Disneyana, Part I

by Judith Katz-Schwartz


When Walter E. Disney first created his little mouse character in 1928, the world could not have known what would ultimately happen. He hoped the character would last for a few more black and white cartoons. No one could have foreseen that this rodent would grow into a cultural phenomenon of worldwide proportions, and that the name of Disney would become a household world for children of all ages.

The original Mickey Mouse (aka Steamboat Willie), born in 1928, wasn't a very nice guy. He amused himself by torturing other animals. At one point he squished a goose to make it honk! The American people responded to this behavior with condemnation. Disney was no fool. He altered the character to make him good, adventurous and smart -- what everyone thought of as "human". After that it was a straight ride to the top for Mickey.

Right from the beginning Disney could see that there was gold in merchandising his character, and the others that soon followed. Mickey's and his friends' images appeared on everything from toys to clothing to watches. Indeed, even today the Mickey Mouse watch is one of the most sought after and pricey of the vintage Disneyana collectibles.

Once Mickey was established, he needed a mate, and Minnie was born. She was little more than Mickey with a skirt and high heels, a two dimensional character. Accordingly, she never achieved the intense popularity Mickey enjoys even today--with the possible exception of feminist Disneyphiles.

In the 1930s, considered the golden age of Disney collectibles, our mouse went through several metamorphoses designed to make him less ratlike and more likable. This was because many of the early Mickey collectibles, especially those manufactured in Europe, were frightening to children (A little aside here. Why is it that the same people who are frightened to death of live mice think Mickey is adorable? I don't know. It might be for the same reason that people who are afraid of rats think squirrels are cute. After all, a squirrel is just a rat with a bushy tail). Since the Disney organization maintained strict control of the design of products manufactured by their licensees, these European versions of Mickey were declared too realistic and not benign enough. As a result, these early foreign items are rare, highly desirable and enormously costly in today's market.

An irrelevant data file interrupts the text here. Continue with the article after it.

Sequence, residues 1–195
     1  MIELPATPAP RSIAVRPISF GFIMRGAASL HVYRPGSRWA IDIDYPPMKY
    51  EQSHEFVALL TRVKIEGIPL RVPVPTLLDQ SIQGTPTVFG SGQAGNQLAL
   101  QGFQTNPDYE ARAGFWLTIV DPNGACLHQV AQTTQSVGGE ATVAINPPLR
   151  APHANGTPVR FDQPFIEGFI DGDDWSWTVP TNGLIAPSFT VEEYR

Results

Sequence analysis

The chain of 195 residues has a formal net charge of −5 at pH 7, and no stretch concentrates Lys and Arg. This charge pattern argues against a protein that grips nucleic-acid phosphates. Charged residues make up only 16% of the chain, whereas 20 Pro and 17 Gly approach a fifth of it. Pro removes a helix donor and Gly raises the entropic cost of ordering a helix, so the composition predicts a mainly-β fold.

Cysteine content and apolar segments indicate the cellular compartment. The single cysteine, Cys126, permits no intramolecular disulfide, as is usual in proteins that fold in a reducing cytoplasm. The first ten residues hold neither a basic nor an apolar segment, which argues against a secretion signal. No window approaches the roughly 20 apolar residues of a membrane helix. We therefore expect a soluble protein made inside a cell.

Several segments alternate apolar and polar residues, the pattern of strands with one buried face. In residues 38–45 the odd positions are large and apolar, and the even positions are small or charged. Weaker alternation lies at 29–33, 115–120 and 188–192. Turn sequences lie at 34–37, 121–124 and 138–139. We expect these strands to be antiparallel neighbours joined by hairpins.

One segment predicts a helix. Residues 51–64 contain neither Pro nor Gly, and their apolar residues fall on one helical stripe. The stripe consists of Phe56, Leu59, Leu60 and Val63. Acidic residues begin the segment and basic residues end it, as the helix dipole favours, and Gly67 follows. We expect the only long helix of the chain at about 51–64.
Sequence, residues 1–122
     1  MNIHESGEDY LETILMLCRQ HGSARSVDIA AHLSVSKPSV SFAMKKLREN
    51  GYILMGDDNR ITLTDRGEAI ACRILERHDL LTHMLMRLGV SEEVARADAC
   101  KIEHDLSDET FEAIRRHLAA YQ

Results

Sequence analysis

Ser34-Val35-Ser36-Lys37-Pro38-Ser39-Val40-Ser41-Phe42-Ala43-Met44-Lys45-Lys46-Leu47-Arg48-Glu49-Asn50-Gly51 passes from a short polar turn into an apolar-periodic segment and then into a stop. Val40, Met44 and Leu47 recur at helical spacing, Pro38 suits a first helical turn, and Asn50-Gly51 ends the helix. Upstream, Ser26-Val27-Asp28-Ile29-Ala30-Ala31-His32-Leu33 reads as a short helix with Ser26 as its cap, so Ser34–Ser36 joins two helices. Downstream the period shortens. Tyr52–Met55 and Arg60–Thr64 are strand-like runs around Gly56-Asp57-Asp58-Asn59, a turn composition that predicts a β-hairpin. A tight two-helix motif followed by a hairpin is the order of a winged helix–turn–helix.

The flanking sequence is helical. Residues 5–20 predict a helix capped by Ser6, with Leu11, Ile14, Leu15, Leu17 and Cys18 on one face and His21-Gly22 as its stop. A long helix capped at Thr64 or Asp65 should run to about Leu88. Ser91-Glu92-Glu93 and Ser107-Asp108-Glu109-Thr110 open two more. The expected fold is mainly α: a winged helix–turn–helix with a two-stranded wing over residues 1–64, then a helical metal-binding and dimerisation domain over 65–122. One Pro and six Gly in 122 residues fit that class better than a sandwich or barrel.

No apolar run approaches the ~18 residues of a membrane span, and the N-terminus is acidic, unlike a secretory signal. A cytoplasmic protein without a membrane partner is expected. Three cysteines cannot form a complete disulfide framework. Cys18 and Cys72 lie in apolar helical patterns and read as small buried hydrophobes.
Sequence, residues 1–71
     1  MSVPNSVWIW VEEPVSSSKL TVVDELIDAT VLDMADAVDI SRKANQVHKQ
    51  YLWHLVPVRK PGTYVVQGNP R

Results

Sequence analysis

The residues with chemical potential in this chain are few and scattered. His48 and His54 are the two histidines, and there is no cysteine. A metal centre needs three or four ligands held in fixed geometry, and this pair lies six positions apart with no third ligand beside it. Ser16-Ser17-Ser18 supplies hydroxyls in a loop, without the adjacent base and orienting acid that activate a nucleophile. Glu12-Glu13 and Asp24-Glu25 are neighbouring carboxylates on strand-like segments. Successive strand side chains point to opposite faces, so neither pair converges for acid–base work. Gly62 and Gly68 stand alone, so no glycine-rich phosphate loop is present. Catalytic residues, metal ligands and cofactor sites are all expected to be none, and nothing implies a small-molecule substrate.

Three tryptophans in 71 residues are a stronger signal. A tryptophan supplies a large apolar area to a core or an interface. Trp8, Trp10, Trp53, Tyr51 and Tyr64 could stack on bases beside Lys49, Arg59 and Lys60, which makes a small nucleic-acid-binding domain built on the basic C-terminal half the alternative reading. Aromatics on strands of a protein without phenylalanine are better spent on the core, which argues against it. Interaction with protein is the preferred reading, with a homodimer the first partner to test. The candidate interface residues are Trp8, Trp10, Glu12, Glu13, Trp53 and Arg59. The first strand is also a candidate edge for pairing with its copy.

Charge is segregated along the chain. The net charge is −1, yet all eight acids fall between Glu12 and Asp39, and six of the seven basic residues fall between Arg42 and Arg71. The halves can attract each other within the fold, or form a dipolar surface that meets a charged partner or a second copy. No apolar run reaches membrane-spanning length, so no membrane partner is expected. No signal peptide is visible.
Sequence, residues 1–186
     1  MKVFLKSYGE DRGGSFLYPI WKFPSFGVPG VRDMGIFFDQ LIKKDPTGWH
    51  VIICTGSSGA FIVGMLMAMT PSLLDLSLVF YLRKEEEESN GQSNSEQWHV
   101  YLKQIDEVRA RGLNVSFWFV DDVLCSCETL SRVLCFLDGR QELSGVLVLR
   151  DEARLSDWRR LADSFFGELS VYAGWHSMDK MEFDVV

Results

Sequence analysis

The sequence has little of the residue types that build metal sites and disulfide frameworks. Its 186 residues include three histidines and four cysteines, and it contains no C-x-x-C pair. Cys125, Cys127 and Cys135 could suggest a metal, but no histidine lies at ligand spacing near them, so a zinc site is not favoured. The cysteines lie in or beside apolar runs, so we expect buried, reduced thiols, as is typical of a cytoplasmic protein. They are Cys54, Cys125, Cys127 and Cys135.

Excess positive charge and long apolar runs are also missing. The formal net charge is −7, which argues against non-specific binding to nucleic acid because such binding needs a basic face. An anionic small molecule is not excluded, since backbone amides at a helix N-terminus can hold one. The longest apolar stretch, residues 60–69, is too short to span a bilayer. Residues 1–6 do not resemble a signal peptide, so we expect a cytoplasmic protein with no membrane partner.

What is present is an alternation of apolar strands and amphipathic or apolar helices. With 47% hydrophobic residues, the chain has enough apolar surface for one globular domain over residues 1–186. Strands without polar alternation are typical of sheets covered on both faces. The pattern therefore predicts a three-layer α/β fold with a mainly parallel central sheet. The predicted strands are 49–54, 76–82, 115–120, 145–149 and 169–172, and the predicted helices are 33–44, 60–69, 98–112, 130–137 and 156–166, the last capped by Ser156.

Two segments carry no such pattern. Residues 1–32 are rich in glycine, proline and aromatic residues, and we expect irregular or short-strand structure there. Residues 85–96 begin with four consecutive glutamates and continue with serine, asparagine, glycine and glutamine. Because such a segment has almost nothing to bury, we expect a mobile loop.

Early items can be identified by the characters' features. Mickey and Minnie were "pie-eyed"; their eyes were white ovals with black pupils. Each pupil had a 'slice of pie' removed. Donald Duck also had a different appearance in those days. His bill was much longer and pointier than it is today. And Goofy wasn't even named Goofy. He was called "Dippy The Goof".

As more characters were added, the business of Disneyana mushroomed into an empire. Walt Disney moved along on the path to the major economic force his dream has become today

Next, we'll talk about Disney feature films, and their effect on the collecting market. ~~~~~~~~~~~~~~~~~~~~~~~~~~~~~~~~~~~~~~~~~~~~~~~~~~~~~~~~~~~~~~~~~~~~~~~~~~~~

Your comments, as always, are welcome. If you have something to say, write to me.
If you like, I'll subscribe you to a free short weekly email newsletter that will help you end the week with a chuckle. ~~~~~~~~~~~~~~~~~~~~~~~~~~~~~~~~~~~~~~~~~~~~~~~~~~~~~~~~~~~~~~~~~~~~~~~~~~~~~




Any questions? E-mail us at

2001 Judith Katz-Schwartz. All rights reserved.